The state electorate of Wagga Wagga was awarded grants totalling more than $43 million (22% of the total funding awarded), including $12.5 million to upgrade the Tumut Aerodrome. This also included two grants of $10 million each to Visy in Tumut.
MP for Wagga Wagga, the Independent Dr Joe McGirr, first won the seat in the 2018 byelection following the resignation of the disgraced Darryl Maguire. In the 2019 NSW election McGirr built on his lead and recorded a massive 28.4% swing to defeat the Nationals.
Fast-tracking projects meant there was no need for any of the projects to have a business plan. Take the $5.3 million for a 33-kilometre Coastal Trail linking the headlands and beaches of Batemans Bay’s southern shores that was given to Eurobodalla Shire Council, in the state electorate of Bega, held by the Liberals Transport Minister Andrew Constance.
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In a letter to a local residents group, the general manager of Eurobodalla Shire Council confirmed a bushfire grant application had not been submitted:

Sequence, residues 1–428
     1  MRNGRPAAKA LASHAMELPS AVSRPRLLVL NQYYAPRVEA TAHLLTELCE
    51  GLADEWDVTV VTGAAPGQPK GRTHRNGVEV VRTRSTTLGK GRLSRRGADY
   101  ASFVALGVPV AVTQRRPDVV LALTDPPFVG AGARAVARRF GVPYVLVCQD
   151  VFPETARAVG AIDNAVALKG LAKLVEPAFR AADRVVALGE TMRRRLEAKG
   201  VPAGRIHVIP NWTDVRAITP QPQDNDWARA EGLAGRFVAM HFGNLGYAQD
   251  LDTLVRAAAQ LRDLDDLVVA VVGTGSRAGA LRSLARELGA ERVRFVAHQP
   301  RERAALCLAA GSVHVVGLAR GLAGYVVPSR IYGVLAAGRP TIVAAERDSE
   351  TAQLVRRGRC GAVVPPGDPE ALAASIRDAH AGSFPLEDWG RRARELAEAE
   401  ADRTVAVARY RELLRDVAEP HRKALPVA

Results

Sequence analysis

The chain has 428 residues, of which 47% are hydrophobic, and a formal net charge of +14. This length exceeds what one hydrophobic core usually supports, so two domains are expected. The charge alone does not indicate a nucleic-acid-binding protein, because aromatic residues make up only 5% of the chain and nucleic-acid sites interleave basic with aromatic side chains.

While Council did not officially submit an application for funding for this project [Batemans Bay Coastal Headland walk] under the Bushfire Local Economic Recovery fund, the Government was aware of this project.”
A May 2019 feasibility study prepared by consultants for the shire council noted that the coastal trail project had no route, no costings, no business plan and no evidence of consultation with the community. The trail was only notionally endorsed by shire councillors one month after the funding announcement.
Without a route, could the trail really be described as “shovel ready”?
On November 27, John Barilaro extended by 12 months the date by which all Bushfire Local Economic Recovery projects had to be completed – from June 2022 to June 2023.
Coalition MPs in the know?
It appears that plenty of Coalition state MPs were in the know about this side stream of $177 million in funding.
Days, even weeks, before the official announcement on November 2, 2020, of the fast-tracked projects, a number of Coalition MPs announced to their electorates that projects had won funding.
Nationals MP Stephen Bromhead
On October 15, 18 days before the official announcement, Nationals MP Stephen Bromhead gave his electorate a heads-up that they would soon be sharing in some of the spoils of the bushfire recovery money, stating in a media release:
“Bushfire impacted businesses and communities in Myall Lakes will soon receive support for local infrastructure and initiatives to drive economic recovery, thanks to the $250 million Bushfire Local Economic Recovery Fund, co-funded by the state and federal Governments.”